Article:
Appellate court rules city had right to block streets during WTO
A federal appeals court ruled today that the city of Seattle had the right to block off part of downtown Seattle when the 1999 World Trade Organization protests turned violent...
The Associated Press
A federal appeals court ruled today that the city of Seattle had the right to block off part of downtown Seattle when the 1999 World Trade Organization protests turned violent.
But the three-judge panel of the 9th U.S. Circuit Court of Appeals reversed part of a lower court decision and sent it back for retrial, saying police trying to quell the unrest may have violated some demonstrators' constitutional rights.
Writing for the majority, Judge Ronald M. Gould said, "While respecting the liberty of protesters, a city must be permitted to act reasonably, within the bounds of the Constitution, to fulfill its responsibilities of providing physical security and the maintenance of order that is required for all of a city's resident's and visitors."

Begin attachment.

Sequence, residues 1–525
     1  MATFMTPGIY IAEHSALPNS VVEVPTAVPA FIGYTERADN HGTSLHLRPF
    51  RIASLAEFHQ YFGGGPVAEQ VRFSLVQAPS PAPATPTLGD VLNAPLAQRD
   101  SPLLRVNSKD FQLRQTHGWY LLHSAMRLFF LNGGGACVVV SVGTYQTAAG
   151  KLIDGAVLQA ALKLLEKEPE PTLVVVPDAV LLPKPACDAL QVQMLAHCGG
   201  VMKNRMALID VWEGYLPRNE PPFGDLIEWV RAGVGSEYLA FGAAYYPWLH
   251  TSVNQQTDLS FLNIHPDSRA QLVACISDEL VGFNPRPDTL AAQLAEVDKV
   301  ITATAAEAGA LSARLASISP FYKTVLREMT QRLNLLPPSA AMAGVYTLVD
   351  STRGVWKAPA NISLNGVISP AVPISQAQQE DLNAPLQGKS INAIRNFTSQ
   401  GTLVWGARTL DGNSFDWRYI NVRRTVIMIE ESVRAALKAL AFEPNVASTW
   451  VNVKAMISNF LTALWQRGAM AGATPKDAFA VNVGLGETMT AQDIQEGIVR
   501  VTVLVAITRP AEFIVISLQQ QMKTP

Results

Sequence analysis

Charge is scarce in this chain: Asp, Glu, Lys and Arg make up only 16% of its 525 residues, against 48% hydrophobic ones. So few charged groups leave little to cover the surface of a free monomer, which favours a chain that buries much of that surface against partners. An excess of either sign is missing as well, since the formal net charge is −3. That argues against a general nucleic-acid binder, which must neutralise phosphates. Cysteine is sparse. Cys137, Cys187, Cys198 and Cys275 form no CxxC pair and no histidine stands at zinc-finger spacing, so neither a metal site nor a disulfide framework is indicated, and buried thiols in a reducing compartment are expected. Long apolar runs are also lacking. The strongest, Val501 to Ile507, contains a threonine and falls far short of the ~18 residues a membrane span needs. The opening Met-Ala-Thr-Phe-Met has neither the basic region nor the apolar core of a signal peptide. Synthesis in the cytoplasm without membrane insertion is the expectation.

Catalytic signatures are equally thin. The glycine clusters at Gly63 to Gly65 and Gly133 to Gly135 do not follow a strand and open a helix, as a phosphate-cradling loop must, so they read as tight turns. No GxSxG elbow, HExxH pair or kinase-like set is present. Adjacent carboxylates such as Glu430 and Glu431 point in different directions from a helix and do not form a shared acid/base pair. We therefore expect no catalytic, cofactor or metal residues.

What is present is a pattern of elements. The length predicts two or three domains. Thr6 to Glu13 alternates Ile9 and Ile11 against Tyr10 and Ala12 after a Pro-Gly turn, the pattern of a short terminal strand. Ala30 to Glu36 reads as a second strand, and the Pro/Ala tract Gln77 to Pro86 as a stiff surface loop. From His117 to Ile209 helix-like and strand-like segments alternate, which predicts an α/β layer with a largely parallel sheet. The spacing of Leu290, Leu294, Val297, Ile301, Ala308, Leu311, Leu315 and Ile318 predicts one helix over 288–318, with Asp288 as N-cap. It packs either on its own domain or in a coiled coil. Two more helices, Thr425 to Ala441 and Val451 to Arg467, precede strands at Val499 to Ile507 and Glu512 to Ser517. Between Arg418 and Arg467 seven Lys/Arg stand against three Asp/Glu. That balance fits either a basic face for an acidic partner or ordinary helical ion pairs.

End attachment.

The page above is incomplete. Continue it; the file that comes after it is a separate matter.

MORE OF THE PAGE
"However," Gould added, "viewing the evidence in the light most favorable to appellants, in some instances police conduct may have gone too far and infringed on certain individual protesters' constitutional rights by making the content of their expressed views the test for their entry into the restricted zone."
In November 1999, some 50,000 protesters swarmed the downtown area. A relatively small number of protesters smashed storefronts and overwhelmed police, who responded with tear gas and mass arrests. Damage totaled about $2.5 million.
Seattle Times transportation reporter Mike Lindblom describes some of the factors that may have led to the collapse of the I-5 bridge over the Skagit River in Mount Vernon on Thursday, May 23.